The fight against galamsey menace


The Omanhene of Asokore Asante in the Ashanti Region, Nana Dr. S.K.B. Asante, has charged government to begin consulting and involving chiefs in the issuance of licences to Artisanal and Small-Scale miners in particular.

According to the astute legal luminary, chiefs are the best way to provide legitimate advice and knowledge on the consequences of activities in their areas – and also curb the overwhelming amount of land cases pending before the courts with regard to mining.

Speaking during a UNDP Policy Dialogue on policy options for addressing gaps and challenges in the Artisanal and Small-Scale Mining Legal Regime, Nana Dr. S.K.B. Asante said chiefs ought to be given a say in the activities of mining because they are accountable to the people and often bear the consequences of illegal mining activities.

“There are larger interests in the whole mining process in Ghana. It is important that government involves chiefs in the process of mineral licencing in the country. I would ask that we be involved in the decision – especially the paramount chiefs, to advise and bring their knowledge to bear on the process. Our consent must be sought. After all, the lands belong to Nananom or families who are from the royal families.

“We must be involved before the licence is granted, and we must also be involved in managing and enforcing the laws. We must understand the difference between large-scale and small-scale mining. And my view on large-scale mining is that we the chiefs must be consulted. This is because you are dealing with huge mineral resources which affect the whole nation,” he stated.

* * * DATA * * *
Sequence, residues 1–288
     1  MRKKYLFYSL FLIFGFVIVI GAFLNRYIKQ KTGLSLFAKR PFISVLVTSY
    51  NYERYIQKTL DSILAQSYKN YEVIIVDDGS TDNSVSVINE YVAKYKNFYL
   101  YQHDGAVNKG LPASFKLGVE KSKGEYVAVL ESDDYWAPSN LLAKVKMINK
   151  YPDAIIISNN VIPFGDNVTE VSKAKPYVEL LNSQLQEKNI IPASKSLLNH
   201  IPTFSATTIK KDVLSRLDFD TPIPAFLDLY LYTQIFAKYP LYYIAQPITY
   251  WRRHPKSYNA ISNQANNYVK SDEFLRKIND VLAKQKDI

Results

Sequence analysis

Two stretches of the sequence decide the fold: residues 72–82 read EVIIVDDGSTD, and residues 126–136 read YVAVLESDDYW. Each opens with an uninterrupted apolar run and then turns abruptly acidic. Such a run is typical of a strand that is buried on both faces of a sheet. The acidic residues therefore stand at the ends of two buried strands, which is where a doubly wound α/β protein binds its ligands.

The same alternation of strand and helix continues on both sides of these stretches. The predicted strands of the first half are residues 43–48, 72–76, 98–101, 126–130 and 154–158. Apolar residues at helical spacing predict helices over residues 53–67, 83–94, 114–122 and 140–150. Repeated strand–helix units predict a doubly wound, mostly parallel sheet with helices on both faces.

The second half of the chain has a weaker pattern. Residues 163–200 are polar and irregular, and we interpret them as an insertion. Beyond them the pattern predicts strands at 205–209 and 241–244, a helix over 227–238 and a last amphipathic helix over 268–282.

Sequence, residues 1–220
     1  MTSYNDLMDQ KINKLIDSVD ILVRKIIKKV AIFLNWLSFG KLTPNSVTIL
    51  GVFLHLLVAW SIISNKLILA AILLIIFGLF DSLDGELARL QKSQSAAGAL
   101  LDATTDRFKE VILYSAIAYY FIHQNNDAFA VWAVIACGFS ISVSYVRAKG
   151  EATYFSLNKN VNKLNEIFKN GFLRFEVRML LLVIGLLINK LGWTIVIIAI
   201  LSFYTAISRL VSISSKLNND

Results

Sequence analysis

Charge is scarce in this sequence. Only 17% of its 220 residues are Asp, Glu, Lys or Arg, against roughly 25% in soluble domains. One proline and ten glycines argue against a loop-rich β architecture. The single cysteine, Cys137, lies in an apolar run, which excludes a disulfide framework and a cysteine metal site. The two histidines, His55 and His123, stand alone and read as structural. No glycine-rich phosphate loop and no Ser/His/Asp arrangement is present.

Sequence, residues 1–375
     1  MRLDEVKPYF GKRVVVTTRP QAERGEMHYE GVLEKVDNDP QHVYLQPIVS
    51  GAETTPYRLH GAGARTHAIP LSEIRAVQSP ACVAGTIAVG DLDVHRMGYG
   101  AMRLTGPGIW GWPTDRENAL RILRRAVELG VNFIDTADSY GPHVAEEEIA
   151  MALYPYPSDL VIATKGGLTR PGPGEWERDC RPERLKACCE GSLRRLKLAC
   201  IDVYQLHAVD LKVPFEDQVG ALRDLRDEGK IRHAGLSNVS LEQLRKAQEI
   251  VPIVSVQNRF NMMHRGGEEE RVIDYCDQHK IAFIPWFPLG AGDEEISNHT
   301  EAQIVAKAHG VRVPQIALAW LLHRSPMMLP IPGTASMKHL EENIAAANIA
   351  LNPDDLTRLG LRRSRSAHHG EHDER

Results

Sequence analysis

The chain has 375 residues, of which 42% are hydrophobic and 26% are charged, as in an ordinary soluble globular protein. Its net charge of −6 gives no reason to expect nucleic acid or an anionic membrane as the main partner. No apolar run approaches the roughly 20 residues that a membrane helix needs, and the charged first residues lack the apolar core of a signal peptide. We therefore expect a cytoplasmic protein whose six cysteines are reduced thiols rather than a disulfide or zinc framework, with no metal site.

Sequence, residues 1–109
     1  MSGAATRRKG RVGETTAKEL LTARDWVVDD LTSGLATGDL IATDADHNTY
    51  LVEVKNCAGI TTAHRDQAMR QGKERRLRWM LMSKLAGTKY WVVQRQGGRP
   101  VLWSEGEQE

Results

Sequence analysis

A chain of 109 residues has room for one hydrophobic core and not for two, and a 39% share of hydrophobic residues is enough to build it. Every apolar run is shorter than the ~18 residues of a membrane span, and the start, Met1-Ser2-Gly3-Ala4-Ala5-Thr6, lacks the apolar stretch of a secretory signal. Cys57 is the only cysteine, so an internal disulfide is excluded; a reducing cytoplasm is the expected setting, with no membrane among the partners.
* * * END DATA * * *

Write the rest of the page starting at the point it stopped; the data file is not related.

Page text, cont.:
We are certain that such a collaboration will stop some of the suspicions that people have about our traditional rulers and the role that they have played in the sale of lands to illegal miners.

Recently, scores of youth in mining communities in Western, Eastern, Central, Ashanti and Brong Ahafo Regions  accused their chiefs and traditional leaders – together with politicians and police officers – of sabotaging government’s efforts to flush out the irresponsible and destructive activities of illegal small-scale miners in the country.

According to them, their chiefs and traditional leaders who sell lands to illegal miners to mine gold and other minerals are making the government look bad in the eyes of the public, especially those in the mining communities who had so much hope in government to fight illegal mining activities, popularly termed galamsey.

We believe such a close collaboration between the regulatory agencies and traditional rulers would go a long way to help curtail and end this menace that has the potential to destroy the country.

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